Why Translation is Necessary in USCIS Requirements for Study in the US

The US has some of the most exceptional schools in the world–boasting Harvard, Yale, Princeton, and other Ivy League schools. These schools are renowned throughout the world for their name alone and as the best institutions of higher learning. It’s also one of the best countries to study medicine, law, and the arts. That’s why US universities and colleges will probably be on your bucket list of universities. Translation is necessary in USCIS.

But what if you’re an non-English speaking international student who doesn’t know how they’ll find their way there, once accepted. Not to worry. Today, this article will tackle the processes for obtaining student visas for the US, fulfilling university and government requirements. We’ll also see different steps of the USCIS translationprocess, such as USCIS certification, and the importance of the USCIS translator.

USCIS Requirements for Study Abroad in the US

Different universities will have different requirements to study abroad. For example, Harvard’s International Office has a certain procedure, for which the visa is sponsored by Harvard. Student visas sponsored by Harvard University require both a visa document issued by the Harvard International Office (HIO), as well as a visa from a US embassy or US consulate in your home country. For more information on the Harvard visa process, click here.

As a baseline, most institutions will require a USCIS student visa (the F-1 visa). Here is the criteria from the USCIS website:

Credit: (USCIS.gov)

So, the F-1 visa will allow you to enter the US as a full-time student, but it must be an accredited institution, and you must be enrolled in a degree or certificate program. Your school must also be authorized by the US government to accept international students. Check-in first with the US consulate in your home country if your school is an accredited institution, and if you meet all the critical requirements for the F-1 visa.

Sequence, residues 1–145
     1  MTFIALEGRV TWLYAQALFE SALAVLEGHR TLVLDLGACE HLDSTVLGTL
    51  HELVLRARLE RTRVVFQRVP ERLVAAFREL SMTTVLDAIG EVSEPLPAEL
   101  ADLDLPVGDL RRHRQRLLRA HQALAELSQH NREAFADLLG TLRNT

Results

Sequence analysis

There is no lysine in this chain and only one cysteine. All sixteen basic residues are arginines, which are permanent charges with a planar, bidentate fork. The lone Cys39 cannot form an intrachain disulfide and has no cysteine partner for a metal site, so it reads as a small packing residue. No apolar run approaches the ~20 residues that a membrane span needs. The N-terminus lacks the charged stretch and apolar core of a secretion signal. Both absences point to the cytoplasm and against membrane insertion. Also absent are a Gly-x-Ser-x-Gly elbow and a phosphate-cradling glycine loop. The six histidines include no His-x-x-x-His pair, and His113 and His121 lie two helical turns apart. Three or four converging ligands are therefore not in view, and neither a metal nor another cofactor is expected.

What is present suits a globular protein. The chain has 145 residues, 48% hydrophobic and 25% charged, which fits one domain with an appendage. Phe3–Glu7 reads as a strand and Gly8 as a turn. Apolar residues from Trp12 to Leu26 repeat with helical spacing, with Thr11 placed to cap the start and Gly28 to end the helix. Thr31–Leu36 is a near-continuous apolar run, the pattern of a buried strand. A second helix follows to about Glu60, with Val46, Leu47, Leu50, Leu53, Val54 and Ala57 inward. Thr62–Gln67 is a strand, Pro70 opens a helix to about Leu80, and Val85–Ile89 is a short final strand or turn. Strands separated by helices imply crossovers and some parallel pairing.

You might also consider the costs of being a full-time student in your chosen US college. Some of these programs may offer scholarships and fellowships, but mostly, the cost of studying abroad for Indian students, Canadian students, and other international students is high. That means you may have to work to pay for your schooling.

But, the F-1 student visa has a caveat. You may work on-campus at student jobs, but you are not allowed to work off-campus on the F-1 visa during their first year at the school. After their first year, they can opt for training programs such as Curricular Practical Training (CPT), Optional Practical Training (OPT) or Science Technology Engineering Mathematics Optional Practical Training Extension (STEM OPT).

The F-1 student visa has many advantages, but how do you get it? Next, we’ll go step by step into applying for the USCIS F-1 visa.

Step-by-Step Guide to US Student Visa Application

Here is a step-by-step guide to US student visa application, the F-1 visa:

  1. Apply to an institution that’s registered with the Student Exchange Visitor Program (SEVP). You must first apply and get an admission letter before you can apply for the F-1 visa. Make sure to contact your potential adviser before applying, who may also be able to advise. Once accepted, your university will give you a Form I-20 to present at your consular interview.